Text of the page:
Race & Purpose in Higher Education: a Conversation with Tressie McMillan Cottom
“The pragmatic hope of the enslaved… is the idea that you will not always see
the good ends of your good deeds, but you do them anyway. You do them anyway.”
-Tressie McMillan Cottom, Associate Professor at the University of North Carolina-Chapel Hill
This past Tuesday, Suzanne Shanahan, Nannerl O. Keohane Director of the Kenan Institute for Ethics interviewed author and UNC professor Tressie McMillan Cottom on “Race and Purpose in Higher Education” as part of the Virtues & Vocations Reimagining Education series that began in July. The series has considered issues of character, purpose, and education in light of COVID and the social upheaval of 2020.
“This is the moment for higher education – not institutions; higher education as a field – to figure out what it is we do, how we’re going to do it, and to revisit our sort of moral, ethical responsibility to the faith that people have placed in us,” Cottom said. “This is the beginning of a renegotiation of us earning and deserving the public’s faith in us.”
Cottom’s first book, Lower Ed: The Troubling Rise of For-Profit Colleges in the New Economy, examines the value proposition offered by higher education and the loss in public faith in “the gospel of education.” Shanahan and Cottom discussed the ways in which the pandemic and social struggles of this year have exposed a longstanding crisis of purpose and systemic inequities in higher education.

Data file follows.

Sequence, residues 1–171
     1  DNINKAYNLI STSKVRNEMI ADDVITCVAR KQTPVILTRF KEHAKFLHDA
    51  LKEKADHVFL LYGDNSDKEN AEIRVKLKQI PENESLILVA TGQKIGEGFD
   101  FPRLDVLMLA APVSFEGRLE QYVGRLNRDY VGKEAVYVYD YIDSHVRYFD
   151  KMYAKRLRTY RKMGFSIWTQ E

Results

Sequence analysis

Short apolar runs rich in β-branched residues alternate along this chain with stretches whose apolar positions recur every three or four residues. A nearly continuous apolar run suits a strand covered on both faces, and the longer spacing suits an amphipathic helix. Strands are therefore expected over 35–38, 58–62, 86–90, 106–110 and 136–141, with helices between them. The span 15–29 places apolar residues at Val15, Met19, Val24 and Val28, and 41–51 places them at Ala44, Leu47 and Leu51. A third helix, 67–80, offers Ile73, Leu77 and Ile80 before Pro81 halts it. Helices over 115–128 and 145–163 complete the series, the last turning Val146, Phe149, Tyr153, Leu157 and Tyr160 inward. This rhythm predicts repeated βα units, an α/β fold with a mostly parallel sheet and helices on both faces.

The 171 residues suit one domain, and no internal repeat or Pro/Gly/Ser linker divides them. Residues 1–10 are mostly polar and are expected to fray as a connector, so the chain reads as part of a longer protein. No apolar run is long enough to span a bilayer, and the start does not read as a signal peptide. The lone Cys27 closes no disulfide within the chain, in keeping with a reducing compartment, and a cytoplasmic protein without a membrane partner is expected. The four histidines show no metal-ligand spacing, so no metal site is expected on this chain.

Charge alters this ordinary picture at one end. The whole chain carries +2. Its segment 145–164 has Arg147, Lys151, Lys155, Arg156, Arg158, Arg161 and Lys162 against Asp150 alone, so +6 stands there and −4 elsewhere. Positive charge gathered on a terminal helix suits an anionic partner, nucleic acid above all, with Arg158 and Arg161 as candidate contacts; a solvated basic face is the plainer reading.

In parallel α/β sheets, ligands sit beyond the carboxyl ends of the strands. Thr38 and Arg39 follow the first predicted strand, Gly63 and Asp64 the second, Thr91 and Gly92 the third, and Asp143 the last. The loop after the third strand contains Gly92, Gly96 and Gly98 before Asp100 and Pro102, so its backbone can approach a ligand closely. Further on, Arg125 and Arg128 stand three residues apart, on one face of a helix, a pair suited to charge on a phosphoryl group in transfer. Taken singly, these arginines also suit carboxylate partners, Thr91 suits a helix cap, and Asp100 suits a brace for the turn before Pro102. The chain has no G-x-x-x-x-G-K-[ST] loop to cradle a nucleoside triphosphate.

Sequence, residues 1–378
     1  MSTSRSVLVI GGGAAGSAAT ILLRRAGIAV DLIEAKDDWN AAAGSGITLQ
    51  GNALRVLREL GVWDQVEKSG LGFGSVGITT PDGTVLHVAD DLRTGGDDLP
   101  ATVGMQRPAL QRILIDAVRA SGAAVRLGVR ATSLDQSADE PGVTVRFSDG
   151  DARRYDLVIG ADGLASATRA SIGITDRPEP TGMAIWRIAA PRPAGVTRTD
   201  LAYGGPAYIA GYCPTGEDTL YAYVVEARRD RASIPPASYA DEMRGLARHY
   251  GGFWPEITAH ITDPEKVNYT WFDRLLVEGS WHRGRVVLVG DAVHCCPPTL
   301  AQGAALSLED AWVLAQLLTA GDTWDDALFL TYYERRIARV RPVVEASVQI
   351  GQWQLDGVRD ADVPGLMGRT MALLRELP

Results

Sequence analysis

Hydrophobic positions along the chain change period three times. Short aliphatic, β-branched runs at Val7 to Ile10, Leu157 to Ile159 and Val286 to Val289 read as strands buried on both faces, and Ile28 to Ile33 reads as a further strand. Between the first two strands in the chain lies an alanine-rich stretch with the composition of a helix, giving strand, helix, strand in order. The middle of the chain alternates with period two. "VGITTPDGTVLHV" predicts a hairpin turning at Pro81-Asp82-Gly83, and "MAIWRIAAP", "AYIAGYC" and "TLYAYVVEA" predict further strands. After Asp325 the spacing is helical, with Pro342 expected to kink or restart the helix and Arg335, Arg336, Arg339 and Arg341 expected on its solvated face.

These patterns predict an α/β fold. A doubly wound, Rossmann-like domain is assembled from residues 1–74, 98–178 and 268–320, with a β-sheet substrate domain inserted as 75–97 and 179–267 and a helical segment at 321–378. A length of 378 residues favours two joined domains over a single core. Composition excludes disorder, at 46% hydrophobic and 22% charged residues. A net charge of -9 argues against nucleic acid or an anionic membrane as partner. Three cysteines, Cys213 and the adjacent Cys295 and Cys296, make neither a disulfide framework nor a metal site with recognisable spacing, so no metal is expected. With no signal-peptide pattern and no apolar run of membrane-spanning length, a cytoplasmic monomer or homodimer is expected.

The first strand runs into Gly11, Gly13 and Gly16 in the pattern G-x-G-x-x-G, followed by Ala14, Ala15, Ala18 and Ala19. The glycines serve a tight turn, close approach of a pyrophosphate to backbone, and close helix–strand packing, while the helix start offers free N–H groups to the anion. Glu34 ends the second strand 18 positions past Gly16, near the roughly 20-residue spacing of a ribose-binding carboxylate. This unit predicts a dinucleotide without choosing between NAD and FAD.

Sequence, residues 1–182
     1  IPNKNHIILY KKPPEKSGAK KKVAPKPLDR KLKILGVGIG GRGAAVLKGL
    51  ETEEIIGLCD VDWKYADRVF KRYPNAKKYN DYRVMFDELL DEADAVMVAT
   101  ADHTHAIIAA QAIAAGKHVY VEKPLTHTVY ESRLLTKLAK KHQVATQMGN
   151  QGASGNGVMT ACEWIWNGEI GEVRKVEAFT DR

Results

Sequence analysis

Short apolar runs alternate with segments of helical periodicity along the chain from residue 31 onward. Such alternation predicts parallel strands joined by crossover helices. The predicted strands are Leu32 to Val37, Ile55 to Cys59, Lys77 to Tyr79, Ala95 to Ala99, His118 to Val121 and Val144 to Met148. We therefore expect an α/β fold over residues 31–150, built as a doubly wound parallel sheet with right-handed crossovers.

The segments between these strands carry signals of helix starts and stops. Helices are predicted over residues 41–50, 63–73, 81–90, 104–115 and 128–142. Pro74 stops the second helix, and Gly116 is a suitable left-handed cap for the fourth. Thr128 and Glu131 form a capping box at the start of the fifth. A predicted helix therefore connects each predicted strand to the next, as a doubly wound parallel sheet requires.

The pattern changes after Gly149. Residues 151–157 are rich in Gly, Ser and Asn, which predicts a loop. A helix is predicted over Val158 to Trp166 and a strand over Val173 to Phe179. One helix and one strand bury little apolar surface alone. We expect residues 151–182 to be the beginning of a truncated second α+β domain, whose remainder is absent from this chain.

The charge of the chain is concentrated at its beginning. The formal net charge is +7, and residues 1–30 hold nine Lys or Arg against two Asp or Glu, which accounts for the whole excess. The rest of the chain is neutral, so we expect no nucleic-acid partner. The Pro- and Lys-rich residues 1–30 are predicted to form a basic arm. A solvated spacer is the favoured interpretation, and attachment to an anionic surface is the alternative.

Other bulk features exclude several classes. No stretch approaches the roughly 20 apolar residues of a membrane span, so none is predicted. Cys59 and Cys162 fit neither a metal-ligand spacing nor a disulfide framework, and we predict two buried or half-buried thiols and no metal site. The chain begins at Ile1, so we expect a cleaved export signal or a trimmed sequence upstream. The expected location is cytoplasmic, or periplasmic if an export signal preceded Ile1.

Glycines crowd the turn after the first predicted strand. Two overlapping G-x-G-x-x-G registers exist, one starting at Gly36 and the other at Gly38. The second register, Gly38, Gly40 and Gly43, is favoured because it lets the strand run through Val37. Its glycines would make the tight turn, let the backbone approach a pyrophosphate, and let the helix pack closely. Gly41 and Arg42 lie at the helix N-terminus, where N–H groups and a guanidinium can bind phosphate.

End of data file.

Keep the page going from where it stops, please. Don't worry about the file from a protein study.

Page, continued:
For Cottom, those issues intersect with her personal narrative as a Black woman, a connection she makes in her second book, Thick: And Other Essays. Thick combines sociological analysis and story to examine race and inequality across a number of issues. “The challenge for me creatively and intellectually is: can I interpret data driven analysis in a way that taps into the power of narrative without compromising the empirical truth,” she said.
Working through the tension between professionalization in the academy, passion for storytelling, and her personal social location has lead Cottom to a particular sense of purpose that is part of a rich tradition among Black scholars.
“My journey to purpose is deeply aligned with the Black sociological tradition especially,” Cottom said. “In his first autobiography, [Dubois] talks about wanting to be this really traditional – they wouldn’t have used ‘social scientist’ at the time – but a traditional social scientist. But he said, ‘how can I affect that kind of posture towards knowledge when Black people are dying in the streets?’ How prescient and urgent and present that feels. That remains to me the Black sociological tension. We cannot affect a sort of posture of being separate from the social world because the experience of being Black in that world is so urgent. And I think that gives us a call to purpose in our work in an earlier and perhaps in a very particular way.”
The full conversation with Cottom along with recordings of all previous Virtues & Vocations conversations and information about future events is available at virtuesvocations.org.